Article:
Golden rules for executives in Adelaide

Andrew Reed, the General Manager of Hender Consulting, sets out his golden rules of living in Adelaide to protect not only personal reputations but also the city’s standing. 

Photo: Unsplash, 0x020k

Photo: Unsplash, 0x020k

Newcomers to Adelaide immediately notice that everyone seems to know everyone, and they are right. We live in a city that blows the usual six degrees of separation out of the water and reduces it to one.

There are many fascinating ramifications of this one degree of separation dynamic, and one of these interesting facts is that when someone is behaving without integrity, people find out quickly.

I personally think this is a good thing.

However, given our tendency to focus on bad news first, when someone is behaving well, people still find out, but it takes a while longer.

So, my advice for working and doing business in Adelaide is pretty simple:

Behave and be patient.

Do good deeds without immediate personal benefit and wait for people to notice.

Pay it forward. Collaborate.

Be kind, ethical, helpful, gracious, courteous and positive and keep your ego in check.

Praise honestly in public and challenge constructively in private.

Recognise and acknowledge your limitations and mistakes.

When utilising platforms such as LinkedIn, be mindful of the tone of your message and assemble quality not quantity of mutual connections.

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Welcome, embrace and empower the newcomers so the South Australia benefits from their experience, global insight, diversity and skill.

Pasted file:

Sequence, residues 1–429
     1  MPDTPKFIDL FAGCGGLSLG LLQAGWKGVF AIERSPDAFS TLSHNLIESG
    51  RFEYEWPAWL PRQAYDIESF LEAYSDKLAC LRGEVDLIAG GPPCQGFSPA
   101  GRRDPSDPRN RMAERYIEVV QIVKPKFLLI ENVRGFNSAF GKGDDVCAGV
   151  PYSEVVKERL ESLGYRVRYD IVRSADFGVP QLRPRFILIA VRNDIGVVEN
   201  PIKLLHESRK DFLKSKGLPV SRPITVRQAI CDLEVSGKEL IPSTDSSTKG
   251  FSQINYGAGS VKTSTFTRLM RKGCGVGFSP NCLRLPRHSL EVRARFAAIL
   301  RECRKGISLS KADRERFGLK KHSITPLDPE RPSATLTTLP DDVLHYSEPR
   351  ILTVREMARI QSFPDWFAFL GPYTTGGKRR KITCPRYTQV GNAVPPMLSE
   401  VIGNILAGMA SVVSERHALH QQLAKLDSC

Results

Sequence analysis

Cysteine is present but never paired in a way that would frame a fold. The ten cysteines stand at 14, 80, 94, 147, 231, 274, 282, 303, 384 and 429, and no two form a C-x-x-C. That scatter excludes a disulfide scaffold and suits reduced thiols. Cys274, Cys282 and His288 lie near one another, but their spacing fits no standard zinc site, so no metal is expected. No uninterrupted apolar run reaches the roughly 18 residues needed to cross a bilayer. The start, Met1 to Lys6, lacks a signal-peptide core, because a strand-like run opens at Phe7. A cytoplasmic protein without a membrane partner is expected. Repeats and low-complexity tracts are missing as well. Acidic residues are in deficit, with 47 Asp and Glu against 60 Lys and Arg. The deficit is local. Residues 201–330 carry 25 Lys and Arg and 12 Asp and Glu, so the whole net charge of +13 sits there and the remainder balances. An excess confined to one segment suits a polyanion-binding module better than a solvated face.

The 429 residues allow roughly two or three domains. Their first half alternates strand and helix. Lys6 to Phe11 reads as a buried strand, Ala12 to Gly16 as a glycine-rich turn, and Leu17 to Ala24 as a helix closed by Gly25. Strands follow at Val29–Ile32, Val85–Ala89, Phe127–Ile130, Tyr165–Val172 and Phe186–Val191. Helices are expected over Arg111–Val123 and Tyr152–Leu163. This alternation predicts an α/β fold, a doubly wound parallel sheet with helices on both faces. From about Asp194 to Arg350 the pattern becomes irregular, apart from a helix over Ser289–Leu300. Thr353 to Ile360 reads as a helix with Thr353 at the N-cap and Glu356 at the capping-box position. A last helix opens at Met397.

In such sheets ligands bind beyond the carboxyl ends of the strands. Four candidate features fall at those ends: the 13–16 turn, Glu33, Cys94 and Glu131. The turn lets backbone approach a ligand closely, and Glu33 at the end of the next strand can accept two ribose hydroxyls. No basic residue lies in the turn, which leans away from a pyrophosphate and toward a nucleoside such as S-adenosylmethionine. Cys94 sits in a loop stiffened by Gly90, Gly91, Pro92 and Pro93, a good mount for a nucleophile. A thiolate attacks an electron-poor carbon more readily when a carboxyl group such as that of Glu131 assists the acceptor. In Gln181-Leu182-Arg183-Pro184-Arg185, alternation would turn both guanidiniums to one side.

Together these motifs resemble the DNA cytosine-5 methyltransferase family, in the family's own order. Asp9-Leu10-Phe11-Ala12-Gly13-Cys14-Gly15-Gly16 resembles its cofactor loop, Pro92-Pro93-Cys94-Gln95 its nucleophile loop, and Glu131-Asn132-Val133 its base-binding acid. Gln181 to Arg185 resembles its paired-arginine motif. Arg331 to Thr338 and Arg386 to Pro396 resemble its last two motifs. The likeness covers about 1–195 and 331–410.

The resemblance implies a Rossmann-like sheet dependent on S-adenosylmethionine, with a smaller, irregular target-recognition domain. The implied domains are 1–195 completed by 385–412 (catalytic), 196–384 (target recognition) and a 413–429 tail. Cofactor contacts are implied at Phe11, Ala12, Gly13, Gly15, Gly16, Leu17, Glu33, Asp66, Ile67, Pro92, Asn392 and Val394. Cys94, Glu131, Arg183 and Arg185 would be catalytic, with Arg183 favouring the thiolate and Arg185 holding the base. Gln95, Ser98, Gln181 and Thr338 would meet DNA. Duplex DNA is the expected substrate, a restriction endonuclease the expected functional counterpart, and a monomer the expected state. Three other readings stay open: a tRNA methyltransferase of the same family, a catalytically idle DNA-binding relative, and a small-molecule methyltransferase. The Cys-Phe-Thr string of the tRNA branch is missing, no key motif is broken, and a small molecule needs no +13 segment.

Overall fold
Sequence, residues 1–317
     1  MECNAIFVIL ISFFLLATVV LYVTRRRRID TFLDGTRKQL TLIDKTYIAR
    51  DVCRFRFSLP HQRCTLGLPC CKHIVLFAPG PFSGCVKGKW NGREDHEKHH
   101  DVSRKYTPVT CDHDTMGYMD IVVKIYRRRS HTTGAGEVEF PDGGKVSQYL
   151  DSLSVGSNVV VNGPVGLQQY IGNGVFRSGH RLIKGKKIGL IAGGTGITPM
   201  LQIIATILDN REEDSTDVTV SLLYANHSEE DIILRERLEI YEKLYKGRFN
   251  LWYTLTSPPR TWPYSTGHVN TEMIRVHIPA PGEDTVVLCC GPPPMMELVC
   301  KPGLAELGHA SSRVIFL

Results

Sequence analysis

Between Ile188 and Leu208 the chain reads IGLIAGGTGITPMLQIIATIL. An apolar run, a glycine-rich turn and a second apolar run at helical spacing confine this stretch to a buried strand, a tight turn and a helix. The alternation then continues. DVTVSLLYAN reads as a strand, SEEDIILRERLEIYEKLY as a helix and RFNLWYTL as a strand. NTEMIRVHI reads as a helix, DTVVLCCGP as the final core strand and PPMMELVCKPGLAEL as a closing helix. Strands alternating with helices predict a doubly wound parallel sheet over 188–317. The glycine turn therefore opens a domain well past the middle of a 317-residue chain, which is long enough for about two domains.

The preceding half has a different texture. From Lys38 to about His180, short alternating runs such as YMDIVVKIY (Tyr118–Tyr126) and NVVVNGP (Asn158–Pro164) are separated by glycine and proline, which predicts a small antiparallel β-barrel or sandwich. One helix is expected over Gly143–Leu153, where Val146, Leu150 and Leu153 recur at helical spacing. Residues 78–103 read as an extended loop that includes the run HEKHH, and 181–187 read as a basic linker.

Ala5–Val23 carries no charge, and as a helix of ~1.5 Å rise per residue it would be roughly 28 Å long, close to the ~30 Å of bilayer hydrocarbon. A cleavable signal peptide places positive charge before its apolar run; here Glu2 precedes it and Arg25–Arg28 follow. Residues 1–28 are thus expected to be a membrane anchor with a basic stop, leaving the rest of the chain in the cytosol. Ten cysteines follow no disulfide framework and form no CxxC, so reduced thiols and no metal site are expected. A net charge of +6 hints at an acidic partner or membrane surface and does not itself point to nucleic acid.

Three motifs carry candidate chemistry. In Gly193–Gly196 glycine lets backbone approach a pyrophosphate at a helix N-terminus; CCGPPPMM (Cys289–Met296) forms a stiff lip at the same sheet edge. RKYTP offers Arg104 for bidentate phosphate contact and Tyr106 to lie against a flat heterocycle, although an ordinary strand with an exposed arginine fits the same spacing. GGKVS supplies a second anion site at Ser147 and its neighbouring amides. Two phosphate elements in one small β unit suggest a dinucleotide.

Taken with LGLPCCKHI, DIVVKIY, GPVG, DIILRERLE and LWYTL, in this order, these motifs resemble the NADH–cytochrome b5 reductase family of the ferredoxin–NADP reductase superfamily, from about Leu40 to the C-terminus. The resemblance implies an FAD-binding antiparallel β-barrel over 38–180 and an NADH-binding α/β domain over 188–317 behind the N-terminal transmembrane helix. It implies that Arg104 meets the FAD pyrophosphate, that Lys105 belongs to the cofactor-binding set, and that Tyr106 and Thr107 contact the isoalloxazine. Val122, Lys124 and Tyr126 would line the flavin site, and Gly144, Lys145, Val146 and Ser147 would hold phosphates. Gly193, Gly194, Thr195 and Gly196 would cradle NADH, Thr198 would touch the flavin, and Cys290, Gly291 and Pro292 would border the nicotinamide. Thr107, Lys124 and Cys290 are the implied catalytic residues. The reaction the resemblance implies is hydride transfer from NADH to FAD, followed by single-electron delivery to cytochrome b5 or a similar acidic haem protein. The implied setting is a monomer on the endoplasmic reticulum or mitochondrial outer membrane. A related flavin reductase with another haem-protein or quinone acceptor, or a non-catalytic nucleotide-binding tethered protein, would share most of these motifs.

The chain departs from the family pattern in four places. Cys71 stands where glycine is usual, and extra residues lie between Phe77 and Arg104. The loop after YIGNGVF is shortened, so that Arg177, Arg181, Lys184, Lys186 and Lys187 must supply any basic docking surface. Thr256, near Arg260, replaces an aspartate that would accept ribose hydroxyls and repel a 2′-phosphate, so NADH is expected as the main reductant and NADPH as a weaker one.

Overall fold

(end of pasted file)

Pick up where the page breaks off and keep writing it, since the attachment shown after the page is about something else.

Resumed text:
Derive the value from trusted associates to do your homework and thoroughly research and assess the sliding doors that you might step through.

Return every call and respond to every email.

Take every chance to be a connecter – introduce people, join the dots, facilitate personal connections and interactions.

Treat every interaction as though the person is a potential referee.

Know your stuff but never use the phrase “Don’t you know who I am?”

Be extremely careful with private information as you never know who else you might really be telling. For example, we have seen husband and wife on the same shortlist. One knew and the other did not. We have also seen this with identical twins.

And most importantly, remember that, contrary to common views, it is not actually about who you know but more how you behave.

Let’s all have the courage to call out conflicts of interest and poor behaviour and let’s use the one degree of separation for good. Otherwise, we should have the privilege to live and work in this great city confiscated.

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